Milan, Fabbrica del Vapore. It is a journey around the life of Frida Kahlo, one of the most emblematic female characters of the 20th century and queen of Mexican art told by the curators Arèvalo, Matiz, Ancheita and Rosso. Her demons, obsessions, mental flows and the tormented relationship with the husband Diego Rivera are described through her letters and diary.
Casa Azul, her mansion in Coyoacán, is faithfully reproduced with the large canopy bed and the mirror used to portray herself even when laying in bed due to illness and where she died on July 13th, 1954. Paintings and photographs, books, and her personal crutches. Her studio is reproduced with her desk and all the little bottles, filled with colors and brushes, Frida’s diary, the stuffed red chair, the wheelchair and the large easel.
Her art is the background of the Mexican Revolution, a historical period that brings her into contact with intellectual figures of the time related to the communist party, such as the Russian revolutionary Lev Trotsky and the poet André Breton.
Her paintings according to Diego: “Communicated a vital sensuality to which was added a spirit of ruthless observation, but sensitive… It was clear that she was a true artist”. Within those images, the themes most dear to her, including music, death, Christian iconography and martyrdom. Her recurring themes were music, death, Christian iconography, and martyrdom.
A section that forces us to enter into the depth of her magnetic personality well portrayed in the work of renowned Columbian photographer Leonet Matiz Espinoza, with his inseparable Rolleiflex, who created iconic images of Frida, with an exclusive and close-up perspective. This was not granted to many, he could spontaneously grasp the expressive nuances of his friend.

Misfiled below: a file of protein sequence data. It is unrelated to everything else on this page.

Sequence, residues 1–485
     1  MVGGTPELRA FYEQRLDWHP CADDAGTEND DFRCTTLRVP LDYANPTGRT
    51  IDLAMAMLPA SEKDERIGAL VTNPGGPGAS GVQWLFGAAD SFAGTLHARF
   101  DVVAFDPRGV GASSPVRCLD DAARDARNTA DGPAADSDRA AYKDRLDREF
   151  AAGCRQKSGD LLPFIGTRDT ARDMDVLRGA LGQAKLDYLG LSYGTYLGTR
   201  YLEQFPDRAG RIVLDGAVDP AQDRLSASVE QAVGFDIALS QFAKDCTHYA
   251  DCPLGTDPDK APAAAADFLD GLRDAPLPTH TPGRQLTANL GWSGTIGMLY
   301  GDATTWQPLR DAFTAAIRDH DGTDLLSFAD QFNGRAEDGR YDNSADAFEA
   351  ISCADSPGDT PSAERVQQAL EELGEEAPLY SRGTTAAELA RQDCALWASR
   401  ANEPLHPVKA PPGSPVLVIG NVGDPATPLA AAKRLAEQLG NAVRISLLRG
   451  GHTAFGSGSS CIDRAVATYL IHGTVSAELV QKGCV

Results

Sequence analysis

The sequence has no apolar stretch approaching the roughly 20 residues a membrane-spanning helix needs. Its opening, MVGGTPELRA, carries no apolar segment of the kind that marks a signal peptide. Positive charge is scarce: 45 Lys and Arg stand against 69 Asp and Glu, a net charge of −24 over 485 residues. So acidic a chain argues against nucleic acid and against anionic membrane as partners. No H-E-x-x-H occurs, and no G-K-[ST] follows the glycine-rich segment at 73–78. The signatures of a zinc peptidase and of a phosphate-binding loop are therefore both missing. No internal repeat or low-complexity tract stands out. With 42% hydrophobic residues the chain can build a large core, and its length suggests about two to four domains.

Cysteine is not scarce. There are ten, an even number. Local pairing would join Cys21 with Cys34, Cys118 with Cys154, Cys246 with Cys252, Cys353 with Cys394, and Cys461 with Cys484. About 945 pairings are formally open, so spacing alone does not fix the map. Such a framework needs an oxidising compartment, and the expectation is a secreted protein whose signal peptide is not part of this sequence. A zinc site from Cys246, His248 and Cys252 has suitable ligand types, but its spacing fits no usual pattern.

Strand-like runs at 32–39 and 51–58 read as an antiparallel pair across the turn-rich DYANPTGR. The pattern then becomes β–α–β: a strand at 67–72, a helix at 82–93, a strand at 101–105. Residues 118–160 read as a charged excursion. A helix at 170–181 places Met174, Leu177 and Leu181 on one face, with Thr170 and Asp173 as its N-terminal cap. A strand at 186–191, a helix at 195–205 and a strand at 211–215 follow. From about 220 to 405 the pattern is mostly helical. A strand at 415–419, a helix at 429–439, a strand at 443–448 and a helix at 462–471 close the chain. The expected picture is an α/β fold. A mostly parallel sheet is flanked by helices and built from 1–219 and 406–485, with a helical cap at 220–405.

She has remained so attached to her life that people may think Frida has never really left this earth, every time they come into contact with her work.
Photo & production Miriam De Nicolo’ @miriam_denicolo
Fashion Editor & production Rosamaria Coniglio @rosamaria_coniglio
Artwork Maria Angela Lombardi @_mariaalombardi_
Hairstyling Angelo Rosauliana @angelorosauliana
MakeUp Valeria Iovino @valeriaiovino_pro
Model Giorgia Cappellotto @calamarata Agency @pop_models_milano
Special project with Navigare Srl e Fabbrica del Vapore and D-art.com https://d-art.it/moda/viva-la-vida/64581
Quotes from Pino Cacucci’s book “Viva la Vida!” published by Feltrinelli
Frida was “A bomb wrapped in silk ribbons,” called her André Breton. She was rebellious in every gesture, subversive in every thought, and convulsively beautiful. Frida, with a deep voice and a disruptive laugh, with piercing eyes that have never closed and have remained fixed on us who look at her in self-portraits.
Diego Rivera was 36 years old and Frida Kahlo was only 15, when they first met while he worked in the Bolivar amphitheater. Of that first encounter with Frida, Diego recalls: «…she had a dignity and a self-confidence that was completely unusual and in her eyes, a strange fire shone».
Frida had her spine broken in three, two ribs, her shoulder, and left leg shattered… excessive and indecent devastation. In spite of everything, Frida grabbed life and kept it inside.
Frida’s sensuality is legendary in a thousand testimonies of men and women, a sensuality impulsive and never studied. Her sunny irony fascinated those who frequented her. An irony that could be caustic, sometimes as ruthless as the Mexican nature. Frida did not want to live, but lived in spite of fate, with the daily consciousness of being consumed quickly, like a blaze that burns brighter than the slow embers.
And yet everything was so intense and so convoluted! We took ourselves inside a new world, a new concept of society, a different way of conceiving politics! Art was politics! Muralists fought against the concept of work to be relegated to private collections or museums. They painted the walls of public buildings so that everyone could enjoy them. I, I don’t know. I paint myself, my pain. I fight and defeat the Pelona every day, every hour, every moment.
© Riproduzione riservata